Commercial banks and agricultural firms in South Africa have launched financing programs geared at helping new farmers break into the market. Despite this, many farmers are still unable to obtain loans, even with the help of government programs.
Partly, this is due to their failure to submit an application with all of the required information.
A business plan is required as part of the financing application procedure for farmers. Based on this, the lender will decide whether or not to approve the loan.
In order to get a credit application approved, you’ll need a solid business plan. However, if you’re a new farmer looking for funding, putting up a business plan might be a daunting undertaking.
Grounds for application rejection
■ Little farming knowledge
■ Insufficient planning in terms of finances. Farmers often overestimate their sources of revenue and underestimated their expenditures in order to maximize their profits.
■ incapability to pay back debt
■ The lack of farmland and equipment, which means inadequate collateral.
What makes a good business proposal?
1. An individual or organization’s background
Background information about the person or organization applying for funding should be included in your application. Experience in farming and management are discussed in detail here.
The evaluator will be able to conduct an accurate risk assessment if the applicant has provided accurate and complete information. The applications of slightly elevated applicants are seldom approved. Success in applications is highly dependent on the amount of owner’s capital. The evaluator will be able to conduct an accurate risk assessment if the applicant has provided complete and accurate information. High-risk applicants rarely get their applications approved. Sufficient founder’s capital is also important for successful applications.
2. Management of a farm
Information about the farm’s management should be included in the business proposal, including previous employment and educational qualifications. Key employees in responsible for supervising day-to-day processes are referred to as ‘farm management,’ in this context. They’re in charge of overseeing the strategy’s execution and monitoring its progress.
The farm manager is in charge of making business decisions, so the farm’s success is heavily reliant on their abilities. The management team’s training and technical skills should be demonstrated.
If the farm managers lack the necessary skills, a training program should be put in place for them as soon as possible after their appointment.
The farm’s business plan outlines the applicant’s vision for the operation’s future direction. As a result, a document outlining this strategy is vital, as it will be incorporated into the operation’s financial forecast.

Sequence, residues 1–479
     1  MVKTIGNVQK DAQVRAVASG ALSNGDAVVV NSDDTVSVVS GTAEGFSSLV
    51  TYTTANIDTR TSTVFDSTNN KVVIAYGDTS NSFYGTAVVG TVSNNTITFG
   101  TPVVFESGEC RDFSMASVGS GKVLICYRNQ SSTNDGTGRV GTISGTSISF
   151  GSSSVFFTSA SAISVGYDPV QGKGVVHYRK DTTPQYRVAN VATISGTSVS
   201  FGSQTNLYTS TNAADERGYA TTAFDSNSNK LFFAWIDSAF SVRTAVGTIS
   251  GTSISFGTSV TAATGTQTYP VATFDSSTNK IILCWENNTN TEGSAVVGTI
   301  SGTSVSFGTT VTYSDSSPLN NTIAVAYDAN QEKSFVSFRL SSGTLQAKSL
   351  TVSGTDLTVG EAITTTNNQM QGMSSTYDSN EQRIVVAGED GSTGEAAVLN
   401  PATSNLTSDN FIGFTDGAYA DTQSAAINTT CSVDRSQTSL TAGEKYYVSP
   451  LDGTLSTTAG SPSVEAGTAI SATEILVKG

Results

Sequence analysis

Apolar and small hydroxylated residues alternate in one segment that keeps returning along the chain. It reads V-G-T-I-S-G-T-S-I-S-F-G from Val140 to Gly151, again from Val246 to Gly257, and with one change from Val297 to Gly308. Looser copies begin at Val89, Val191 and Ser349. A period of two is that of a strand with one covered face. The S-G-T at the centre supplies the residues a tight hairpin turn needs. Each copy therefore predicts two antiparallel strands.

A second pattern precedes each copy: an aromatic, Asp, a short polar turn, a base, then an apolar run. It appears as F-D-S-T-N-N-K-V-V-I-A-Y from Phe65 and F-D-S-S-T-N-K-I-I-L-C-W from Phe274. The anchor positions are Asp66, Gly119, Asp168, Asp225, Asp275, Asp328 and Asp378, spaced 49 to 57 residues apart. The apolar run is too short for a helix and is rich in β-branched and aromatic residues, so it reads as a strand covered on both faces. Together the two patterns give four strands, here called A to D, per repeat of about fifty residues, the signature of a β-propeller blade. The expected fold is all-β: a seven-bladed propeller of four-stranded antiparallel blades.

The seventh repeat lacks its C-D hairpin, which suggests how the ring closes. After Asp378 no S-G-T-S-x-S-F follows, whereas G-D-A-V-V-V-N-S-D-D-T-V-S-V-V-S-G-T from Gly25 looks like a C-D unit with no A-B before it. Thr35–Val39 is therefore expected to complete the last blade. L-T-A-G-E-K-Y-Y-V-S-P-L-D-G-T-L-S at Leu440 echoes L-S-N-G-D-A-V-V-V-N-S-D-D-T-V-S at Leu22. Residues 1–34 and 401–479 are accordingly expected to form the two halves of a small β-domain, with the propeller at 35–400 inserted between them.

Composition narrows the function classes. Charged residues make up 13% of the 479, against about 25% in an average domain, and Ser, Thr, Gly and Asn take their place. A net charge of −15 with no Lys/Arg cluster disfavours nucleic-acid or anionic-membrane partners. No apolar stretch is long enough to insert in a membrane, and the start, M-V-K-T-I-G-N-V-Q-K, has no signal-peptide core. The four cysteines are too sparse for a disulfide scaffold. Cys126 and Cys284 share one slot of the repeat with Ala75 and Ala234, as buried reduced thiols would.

The farm plan should be easy to understand, practical, and simple to put into action. It should include information on the products the company plans to sell, demand projections, sales growth, and stock control availability, as well as how and where reserves will be obtained and investment infrastructure purchased.
As soon as the management team feels confident in the company’s operations and marketing processes, they should turn their attention to the initial product(s) and establish a current market position.
Growth strategies such as introducing new products, increasing market share, and procuring additional resources for expansion can be implemented once the business is stable.
4. The necessary tools and infrastructure
In order to have a strong application, you must be able to show that you have access to necessary infrastructure and farming resources. Access to grazing land, operational facilities, workers, and any other assets required for the company’s successful operation are included. A farmer’s land alone is not taken into account when applying for a loan; lenders look at the entire farm infrastructure and resource availability.
5. Forecasting and analyzing financial data
To be considered for funding, the applicant must show proof of the company’s financial health, including a cash flow forecast, financial ratio analysis, and a feasibility study. Last but not least, there should be a financial forecast reflecting the expected financial journey from farming activities, including the assumptions made to arrive at the forecast amounts. These hypotheses ought to be tenable.
Financial information is used by financiers to assess a company’s success, calculate the loan’s payback period, and assess the company’s financial position in comparison to those of other market participants. Rather than taking the financial forecast’s numbers at face value, analysts compare them to current market conditions to make sure the forecast’s amounts are reasonable and accurate.
Only a small number of financiers use standards as comparison points when evaluating loan applications, and most do so on a case-by-case basis. The debt-to-equity ratio and the minimum number of livestock are two of these criteria. The debt-to-equity ratio shows how much money the farm business owes in debt compared to how much money it has in equity (equity). When evaluating successful applications, a favorable debt-to-equity ratio is frequently taken into account. The current climate dictates that the ratio should not be higher than 50%.
6. Financing source
Is funding required for a short-term or long-term project, and for what purpose? A financier’s method of evaluating an application will depend on how you answer these questions.
It takes a lot of time and effort to gather the data needed for a business proposal. However, studies show that submitting a strong business plan along with the credit application increases your chances of being approved.